Heading over early our first destination was the Solway, in search of the reported American Golden Plover, unfortunately we never did find the it but we were treated to an assortment of other waders compromising of Redshank, Lapwing, Curlew, Bar-Tailed Godwit, Dunlin, Knot, Golden Plover, Snipe and Ruff, with a supporting cast of 4 Scaup, 1 Great Crested Grebe, 3 Pintail, Barnacle Geese, Pink-Footed Geese, and a massive amount of Lesser Black Backed Gulls.
The Solway itself was unbelievably calm, almost mirror like, the vastness of this landscape is always memorising.
Next stop was Martindale in the hope of some early rutting, this wasn't to be the case but we did find over 200+ Red Deer and a few young stags. The weather continued to be good to us and so we spent a good few hours in the valley. I'll be revisiting the area in a couple of weeks time.
Our final spot of the day was the Badger Sett, I've visited this site a number of times and without fail I've been rewarded. Meeting Andrew at 18:30 we quietly made our way to the viewpoint, within ten minutes or so your absorb into the landscape, senses finely tuned. Generally its an hour - an hour and a half wait for the Badgers so your attention turns to the wildlife going about its business as the sun sets. The first of which was the hammering of the Great Spotted Woodpecker, unseen but definitely heard, the visualised image of it foraging for grubs in the branches dominated the mind. Next a Robin began feeding beneath us, a birds eye view of its activity, completely oblivious to our presence and a nearby Blackbird bathed in a small pool, yet again unseen but every splash could be seen, in the mind.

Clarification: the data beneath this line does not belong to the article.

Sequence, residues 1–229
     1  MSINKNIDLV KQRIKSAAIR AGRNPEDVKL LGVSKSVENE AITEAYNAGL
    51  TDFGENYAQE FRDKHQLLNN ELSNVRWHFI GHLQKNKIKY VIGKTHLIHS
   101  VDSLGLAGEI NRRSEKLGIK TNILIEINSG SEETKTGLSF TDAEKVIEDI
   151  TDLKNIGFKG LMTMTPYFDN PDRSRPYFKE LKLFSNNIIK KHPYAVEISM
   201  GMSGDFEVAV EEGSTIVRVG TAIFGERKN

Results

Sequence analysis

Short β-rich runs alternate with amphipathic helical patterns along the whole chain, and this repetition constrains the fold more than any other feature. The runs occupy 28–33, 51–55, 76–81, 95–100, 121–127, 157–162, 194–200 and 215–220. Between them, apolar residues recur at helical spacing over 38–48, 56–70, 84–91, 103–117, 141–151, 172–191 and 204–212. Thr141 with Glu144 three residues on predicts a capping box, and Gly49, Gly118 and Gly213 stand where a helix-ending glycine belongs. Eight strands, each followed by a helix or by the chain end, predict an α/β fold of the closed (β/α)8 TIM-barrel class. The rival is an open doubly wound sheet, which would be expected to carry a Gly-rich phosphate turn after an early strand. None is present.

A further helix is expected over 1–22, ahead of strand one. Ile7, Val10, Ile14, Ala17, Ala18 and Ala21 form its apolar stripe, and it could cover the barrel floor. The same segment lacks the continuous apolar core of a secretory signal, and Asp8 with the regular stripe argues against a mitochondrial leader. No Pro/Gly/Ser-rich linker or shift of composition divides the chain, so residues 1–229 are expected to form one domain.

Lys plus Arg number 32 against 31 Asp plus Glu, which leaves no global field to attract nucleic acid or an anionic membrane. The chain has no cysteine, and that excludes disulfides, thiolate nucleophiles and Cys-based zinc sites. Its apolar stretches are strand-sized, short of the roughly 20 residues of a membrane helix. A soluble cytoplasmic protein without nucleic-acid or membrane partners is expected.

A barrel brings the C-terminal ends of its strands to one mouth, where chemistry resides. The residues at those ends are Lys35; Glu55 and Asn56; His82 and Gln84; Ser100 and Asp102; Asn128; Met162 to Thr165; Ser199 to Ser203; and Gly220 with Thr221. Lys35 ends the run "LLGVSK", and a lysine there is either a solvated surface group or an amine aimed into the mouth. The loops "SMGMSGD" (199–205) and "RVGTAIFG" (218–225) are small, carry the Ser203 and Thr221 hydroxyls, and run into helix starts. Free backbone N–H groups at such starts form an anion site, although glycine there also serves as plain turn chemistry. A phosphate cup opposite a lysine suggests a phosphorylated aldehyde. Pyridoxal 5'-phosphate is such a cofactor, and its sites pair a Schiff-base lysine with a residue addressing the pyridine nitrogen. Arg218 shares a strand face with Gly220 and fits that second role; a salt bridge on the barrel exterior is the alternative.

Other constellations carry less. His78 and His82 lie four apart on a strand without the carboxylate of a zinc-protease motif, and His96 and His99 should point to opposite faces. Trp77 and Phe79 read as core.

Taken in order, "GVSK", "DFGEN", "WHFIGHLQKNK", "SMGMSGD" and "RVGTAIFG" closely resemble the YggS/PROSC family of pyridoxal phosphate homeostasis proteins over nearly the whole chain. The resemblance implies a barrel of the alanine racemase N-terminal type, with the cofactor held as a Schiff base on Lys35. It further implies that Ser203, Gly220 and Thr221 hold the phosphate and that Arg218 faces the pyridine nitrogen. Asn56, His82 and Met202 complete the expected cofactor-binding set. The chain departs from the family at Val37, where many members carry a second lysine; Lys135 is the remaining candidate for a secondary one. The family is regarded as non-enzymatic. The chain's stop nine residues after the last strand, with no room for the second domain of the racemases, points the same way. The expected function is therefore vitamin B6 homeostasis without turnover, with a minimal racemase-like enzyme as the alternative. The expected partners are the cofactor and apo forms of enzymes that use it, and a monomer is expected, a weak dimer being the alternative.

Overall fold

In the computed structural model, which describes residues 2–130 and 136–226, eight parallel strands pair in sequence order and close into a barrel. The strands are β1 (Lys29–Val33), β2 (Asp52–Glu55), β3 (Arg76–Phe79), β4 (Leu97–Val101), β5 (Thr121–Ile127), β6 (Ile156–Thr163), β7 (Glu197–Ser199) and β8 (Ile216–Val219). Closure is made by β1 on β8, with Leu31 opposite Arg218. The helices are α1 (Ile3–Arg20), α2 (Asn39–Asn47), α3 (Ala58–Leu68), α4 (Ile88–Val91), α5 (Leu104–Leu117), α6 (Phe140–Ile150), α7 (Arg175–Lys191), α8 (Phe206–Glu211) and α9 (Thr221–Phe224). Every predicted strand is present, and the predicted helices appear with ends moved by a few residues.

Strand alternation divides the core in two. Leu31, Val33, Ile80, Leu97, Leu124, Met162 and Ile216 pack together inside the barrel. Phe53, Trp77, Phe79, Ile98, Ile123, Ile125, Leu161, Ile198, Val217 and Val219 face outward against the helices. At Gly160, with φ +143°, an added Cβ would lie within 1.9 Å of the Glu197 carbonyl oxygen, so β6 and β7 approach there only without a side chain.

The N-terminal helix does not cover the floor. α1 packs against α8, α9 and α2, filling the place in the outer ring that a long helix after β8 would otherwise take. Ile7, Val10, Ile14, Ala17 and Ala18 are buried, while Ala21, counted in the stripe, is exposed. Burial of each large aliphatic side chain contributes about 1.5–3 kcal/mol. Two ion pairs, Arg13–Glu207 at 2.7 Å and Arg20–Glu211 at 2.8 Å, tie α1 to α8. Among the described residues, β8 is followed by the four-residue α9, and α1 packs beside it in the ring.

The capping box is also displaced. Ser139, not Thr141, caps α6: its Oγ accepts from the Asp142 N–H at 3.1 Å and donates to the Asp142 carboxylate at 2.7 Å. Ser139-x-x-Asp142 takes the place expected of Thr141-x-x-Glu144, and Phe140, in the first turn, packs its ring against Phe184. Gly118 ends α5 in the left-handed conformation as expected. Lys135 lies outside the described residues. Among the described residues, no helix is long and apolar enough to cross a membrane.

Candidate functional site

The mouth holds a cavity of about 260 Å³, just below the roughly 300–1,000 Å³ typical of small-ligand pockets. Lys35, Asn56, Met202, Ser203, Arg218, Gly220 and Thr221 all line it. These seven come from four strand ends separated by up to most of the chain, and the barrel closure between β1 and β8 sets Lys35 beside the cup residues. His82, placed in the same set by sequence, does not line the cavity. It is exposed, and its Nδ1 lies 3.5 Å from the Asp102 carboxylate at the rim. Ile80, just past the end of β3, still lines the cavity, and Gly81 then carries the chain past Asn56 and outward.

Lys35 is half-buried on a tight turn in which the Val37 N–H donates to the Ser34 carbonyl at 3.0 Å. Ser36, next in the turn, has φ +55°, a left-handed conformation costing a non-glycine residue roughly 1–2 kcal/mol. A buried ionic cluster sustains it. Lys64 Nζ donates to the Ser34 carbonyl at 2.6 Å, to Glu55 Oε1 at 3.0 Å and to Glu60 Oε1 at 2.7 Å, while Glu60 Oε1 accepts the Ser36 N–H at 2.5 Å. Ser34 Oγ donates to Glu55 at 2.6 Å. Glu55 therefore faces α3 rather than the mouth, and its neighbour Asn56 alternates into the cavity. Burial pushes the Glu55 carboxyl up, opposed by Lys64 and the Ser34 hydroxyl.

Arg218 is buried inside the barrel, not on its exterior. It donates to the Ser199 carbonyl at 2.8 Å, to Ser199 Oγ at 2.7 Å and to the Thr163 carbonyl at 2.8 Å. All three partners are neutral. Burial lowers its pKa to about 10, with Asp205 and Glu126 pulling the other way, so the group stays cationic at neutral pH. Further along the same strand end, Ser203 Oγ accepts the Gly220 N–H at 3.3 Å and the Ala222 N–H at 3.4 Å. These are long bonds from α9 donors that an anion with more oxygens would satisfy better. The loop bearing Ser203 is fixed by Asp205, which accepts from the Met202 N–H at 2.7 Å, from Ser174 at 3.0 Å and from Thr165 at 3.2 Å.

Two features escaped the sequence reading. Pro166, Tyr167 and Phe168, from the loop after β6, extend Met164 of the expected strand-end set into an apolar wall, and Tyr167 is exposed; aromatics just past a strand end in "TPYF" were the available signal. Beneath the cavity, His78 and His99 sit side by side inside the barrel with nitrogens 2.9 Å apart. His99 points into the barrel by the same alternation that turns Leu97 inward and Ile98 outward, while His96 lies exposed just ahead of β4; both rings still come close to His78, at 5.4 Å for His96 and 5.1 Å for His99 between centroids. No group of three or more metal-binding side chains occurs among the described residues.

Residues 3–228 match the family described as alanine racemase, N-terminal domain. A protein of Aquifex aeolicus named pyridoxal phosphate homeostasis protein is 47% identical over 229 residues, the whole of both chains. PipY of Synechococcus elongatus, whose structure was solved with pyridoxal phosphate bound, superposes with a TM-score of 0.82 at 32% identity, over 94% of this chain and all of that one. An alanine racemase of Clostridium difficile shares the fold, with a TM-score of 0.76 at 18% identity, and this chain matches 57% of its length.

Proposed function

The use of all the senses whilst watching wildlife has always interested me, experience the same event in a number of ways. Taking away one of those senses brings an entirely different sense of feeling to that particular moment. I like to think it takes you back to the bare bones, no over thinking, just the realisation and appreciation of the moment.
As the last of the light faded the Blackbirds began alarm calling in the plantation to our right, the reaction to an emerging Tawny Owl, within a couple of minutes it began to echo out its own call.
The Badgers soon began to emerge, the first individual gave great views as it sniffed around the sett, scratching as it went, at one point laying down to scratch its front. One Badger soon turned into 7, once they had made their way away from the sett to feed, we quietly snook out from out viewpoint and back to the car.
Friday started a bit later with the plan to head for Holy Island, unfortunately I mixed the tides up and we missed our crossing, so instead we headed for Seahouses for some fish and chips and to meet some of the locals.
A trip to Seahouses isn't complete without feeding the Eiders.
We did eventually get onto Holy Island in the fading light, unbelievably picking up the stunning Arctic Warbler on arrival, within 2 metres or so of us! The rest of the night was spent moon lapsing over the castle.
A quality couple of days.
Back on patch, a text off BD today had me down in search of a Redstart in the hedge line by the Public Hide.